Reign of Swords Free is a limited version of Reign of Swords, a complex and challenging turn-based strategy game in which you engage in a wide variety of fantasy battles, from bloody fortress sieges to epic battles royal. Reign of Swords Free definitely takes some effort to learn--and much more to master--and arcade fans might be put off by the chunky graphics, relatively slow pace, and sometimes clumsy use of the touch screen. However, this game definitely offers deep gameplay and lots of satisfying options for fans of similar games (such as Advanced Wars on the DS). The free version … Read more
I've got a question for you: How are you doing? Sure, of course you're fine. Here's a follow up: How do you know you're doing fine? Tougher question, huh?
What's that, you have a question for me? Why am I asking these inane questions?
Because, when people ask us how we're doing, we respond automatically. I'm fine, we're fine, everything's fine. After all, if we engaged everyone in a rant about the gory truth, nothing would ever get done.
But it doesn't stop there. We don't even engage ourselves in a dialogue about the gory truth, and for much the same reason. We're too busy "living."
The truth is that seemingly simple questions can actually be pretty loaded, so loaded that we'd sometimes rather not know the answer. We have all these sayings about leaving well enough alone. Why upset the apple cart? Why open a can of worms? Don't fix it if it isn't broken.… Read more
With Earth Day upon us again, CNET News.com green reporters sat down and selected five leading companies in five different clean technology categories. Here are the ones to watch in the recycling realm:
1. GreenFuel Technologies: Large oil companies and many academics favor capturing carbon dioxide, turning it into a liquid, and storing it underground. Politically, though, that's a tough sell.
GreenFuel, with a pedigree from Harvard and the Massachusetts Institute of Technology and millions in venture funding, wants to feed captured carbon dioxide to algae, and then turn the algae into biofuel. The company is still fine-tuning … Read more
This brings an entirely new meaning to the "rat race." Looking like a giant hamster wheel, this rodent-like contraption proposes to be very economical with space. The idea is that you roll the wheel into position when you need a particular room setting or function. Spin it for a lounger, again for a table for two, etc.
Expect to get a jolly good workout just moving from the kitchen to the bedroom, to the study, and just about anywhere else in your human cage. More interesting is the Wet Cell, which is the module housing the commode, shower, … Read more
Note: I wrote this on Thursday before Microsoft's latest bid for Yahoo; it's a follow-up to a post I wrote six months ago. I have two comments on Microsoft's offer: 1) It's aggressive and it's a sweetheart deal for Yahoo's shareholders; I think Yahoo's board will accept it; and 2) nevertheless, the issues I present are the same; it just becomes Microsoft's problem.
It's been seven months or so since Yahoo chief and co-founder Jerry Yang replaced Terry Semel at the helm of the ailing internet giant. At the time, I pondered the obvious question: Can Yang fix Yahoo?
For the record, I thought the board acted rashly in appointing Yang--a relatively inexperienced executive--to perform what would clearly be a challenging turnaround. I didn't think he had the experience to pull it off.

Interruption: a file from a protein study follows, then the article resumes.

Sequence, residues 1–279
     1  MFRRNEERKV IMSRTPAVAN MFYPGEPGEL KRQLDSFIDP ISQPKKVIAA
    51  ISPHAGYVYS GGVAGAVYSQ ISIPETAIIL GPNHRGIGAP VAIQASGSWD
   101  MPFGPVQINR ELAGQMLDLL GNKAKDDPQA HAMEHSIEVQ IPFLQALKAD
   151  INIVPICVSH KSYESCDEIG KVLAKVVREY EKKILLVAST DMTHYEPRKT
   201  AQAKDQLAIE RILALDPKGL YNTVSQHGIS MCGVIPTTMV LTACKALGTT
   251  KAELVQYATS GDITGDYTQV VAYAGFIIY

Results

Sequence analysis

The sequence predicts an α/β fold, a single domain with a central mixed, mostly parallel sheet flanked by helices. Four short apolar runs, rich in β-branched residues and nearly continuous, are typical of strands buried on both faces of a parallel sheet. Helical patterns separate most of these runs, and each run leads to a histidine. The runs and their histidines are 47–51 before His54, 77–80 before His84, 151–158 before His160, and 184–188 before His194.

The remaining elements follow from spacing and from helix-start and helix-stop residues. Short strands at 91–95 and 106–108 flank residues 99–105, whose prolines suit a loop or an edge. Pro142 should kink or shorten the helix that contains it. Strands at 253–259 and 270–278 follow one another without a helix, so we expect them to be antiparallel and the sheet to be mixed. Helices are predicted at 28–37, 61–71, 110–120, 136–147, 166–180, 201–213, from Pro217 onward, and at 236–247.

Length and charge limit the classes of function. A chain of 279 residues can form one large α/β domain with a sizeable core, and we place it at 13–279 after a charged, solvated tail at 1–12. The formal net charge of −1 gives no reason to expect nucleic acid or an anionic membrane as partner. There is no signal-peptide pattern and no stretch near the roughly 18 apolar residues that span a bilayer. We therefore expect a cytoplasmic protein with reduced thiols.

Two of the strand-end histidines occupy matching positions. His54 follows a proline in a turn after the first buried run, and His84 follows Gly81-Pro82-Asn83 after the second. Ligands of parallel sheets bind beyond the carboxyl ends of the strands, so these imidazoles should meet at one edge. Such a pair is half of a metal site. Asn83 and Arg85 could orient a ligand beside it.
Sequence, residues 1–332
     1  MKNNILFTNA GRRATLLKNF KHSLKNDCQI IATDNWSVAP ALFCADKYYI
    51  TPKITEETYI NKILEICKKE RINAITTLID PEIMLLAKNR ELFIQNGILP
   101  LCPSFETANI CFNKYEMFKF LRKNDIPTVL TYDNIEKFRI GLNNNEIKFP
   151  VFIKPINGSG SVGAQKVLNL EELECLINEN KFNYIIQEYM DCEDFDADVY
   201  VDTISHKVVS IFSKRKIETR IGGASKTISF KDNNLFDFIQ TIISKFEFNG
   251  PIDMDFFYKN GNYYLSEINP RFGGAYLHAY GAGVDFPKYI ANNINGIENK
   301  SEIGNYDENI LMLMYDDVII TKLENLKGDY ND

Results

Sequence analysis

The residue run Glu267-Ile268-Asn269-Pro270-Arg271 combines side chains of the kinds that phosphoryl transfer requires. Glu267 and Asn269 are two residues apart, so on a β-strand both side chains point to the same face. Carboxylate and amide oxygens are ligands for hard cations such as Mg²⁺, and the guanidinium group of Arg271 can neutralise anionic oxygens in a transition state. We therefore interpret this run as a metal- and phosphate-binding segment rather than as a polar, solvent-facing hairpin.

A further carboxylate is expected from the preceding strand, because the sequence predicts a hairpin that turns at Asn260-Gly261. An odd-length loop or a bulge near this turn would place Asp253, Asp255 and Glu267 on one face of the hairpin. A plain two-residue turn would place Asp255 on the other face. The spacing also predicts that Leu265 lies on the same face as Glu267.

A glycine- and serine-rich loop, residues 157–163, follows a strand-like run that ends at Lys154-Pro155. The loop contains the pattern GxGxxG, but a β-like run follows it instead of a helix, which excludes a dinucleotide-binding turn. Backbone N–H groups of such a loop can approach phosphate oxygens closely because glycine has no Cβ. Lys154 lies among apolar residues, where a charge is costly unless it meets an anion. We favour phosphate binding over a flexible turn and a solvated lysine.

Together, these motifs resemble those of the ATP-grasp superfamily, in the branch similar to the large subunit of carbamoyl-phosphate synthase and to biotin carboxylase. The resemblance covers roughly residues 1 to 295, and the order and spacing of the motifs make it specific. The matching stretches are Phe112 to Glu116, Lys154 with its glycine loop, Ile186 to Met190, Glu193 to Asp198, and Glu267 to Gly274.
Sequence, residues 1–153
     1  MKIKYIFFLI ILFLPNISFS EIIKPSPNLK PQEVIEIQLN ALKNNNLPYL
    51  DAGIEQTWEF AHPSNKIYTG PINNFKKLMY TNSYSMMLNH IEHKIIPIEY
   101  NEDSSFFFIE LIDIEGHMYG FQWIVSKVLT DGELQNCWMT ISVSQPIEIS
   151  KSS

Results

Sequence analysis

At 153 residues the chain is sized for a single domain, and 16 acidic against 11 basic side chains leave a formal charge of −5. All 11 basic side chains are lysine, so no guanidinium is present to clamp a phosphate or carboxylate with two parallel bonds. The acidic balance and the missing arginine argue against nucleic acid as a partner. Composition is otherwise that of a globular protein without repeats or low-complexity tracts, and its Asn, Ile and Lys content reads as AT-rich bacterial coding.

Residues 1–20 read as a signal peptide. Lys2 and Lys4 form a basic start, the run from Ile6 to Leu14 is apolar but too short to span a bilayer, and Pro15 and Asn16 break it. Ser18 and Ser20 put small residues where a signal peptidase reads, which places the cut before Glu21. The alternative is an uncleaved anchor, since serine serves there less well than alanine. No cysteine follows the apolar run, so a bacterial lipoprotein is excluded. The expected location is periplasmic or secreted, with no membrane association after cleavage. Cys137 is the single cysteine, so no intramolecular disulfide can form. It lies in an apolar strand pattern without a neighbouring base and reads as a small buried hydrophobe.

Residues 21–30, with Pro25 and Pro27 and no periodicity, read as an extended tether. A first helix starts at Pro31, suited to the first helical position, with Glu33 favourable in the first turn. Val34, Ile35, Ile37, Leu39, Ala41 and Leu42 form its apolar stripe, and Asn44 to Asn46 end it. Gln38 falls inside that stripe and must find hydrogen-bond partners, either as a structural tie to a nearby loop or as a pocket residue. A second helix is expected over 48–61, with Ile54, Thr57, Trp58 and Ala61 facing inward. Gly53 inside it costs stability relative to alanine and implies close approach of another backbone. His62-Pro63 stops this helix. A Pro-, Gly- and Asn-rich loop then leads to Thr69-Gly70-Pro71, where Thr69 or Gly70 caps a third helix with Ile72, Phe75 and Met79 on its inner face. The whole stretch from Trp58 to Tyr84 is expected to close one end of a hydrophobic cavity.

At the time, I thought that Yang--a visionary--wasn't what Yahoo needed. I thought Yahoo's problem was largely failed execution and missed opportunities in search advertising that allowed Google to leapfrog its more mature rival.
At this point, I'm even more convinced that Yang was the wrong choice. But I think the problem is bigger than missed opportunity and failed execution. The company does indeed need a new vision. And it needs a CEO who's capable of articulating and selling that vision down through the ranks and ensuring everybody's goals are aligned.
Playing music and movies really loud is a lot of fun, too bad most of you are missing out on that part of the experience. Obviously, the speakers built into TVs aren't up to the job, and that's the way 80% of you experience TV. HTIB owners are likewise out of luck. Yeah, they may boast of having "1,000" watts on tap, but if you believe that, well, puhleeze! That 8 pound amplifier may, on a good day, squeeze out a few hundred watts.
If you really want to feel something when you're watching … Read more
CitySearch is unveiling a newer, darker look this morning. Gone are the white and blue, which have been replaced by themed city pages, and a glassy, rounded look. The review and directory service has undergone some usability tweaks as well, including dropping the 1-to-10 rating scale in favor of a simpler five-star model and simplifying the look and feel of the home page.
CitySearch is also launching a new part of the site called My CitySearch, which keeps track of your recently searched-for establishments, and gives you recommendations based on your ratings.
The most exciting change to CitySearch's pages, … Read more
Designed to provide jet-setters with independently produced video content about international destinations, GeoBeats is a new travel site with professional-quality movies about subjects from the Finnish delicacy lamprey to social etiquette in Hong Kong. All the videos on the site are hosted and filmed by relative unknowns, but the movies are surprisingly well produced. Split up by topic, the videos attempt to cover basics like public transportation, seasonal festivals, and local culture. The site has launched with only a dozen countries, not as many as competitor TurnHere (see our coverage here). However, there are already more than 100 movies available … Read more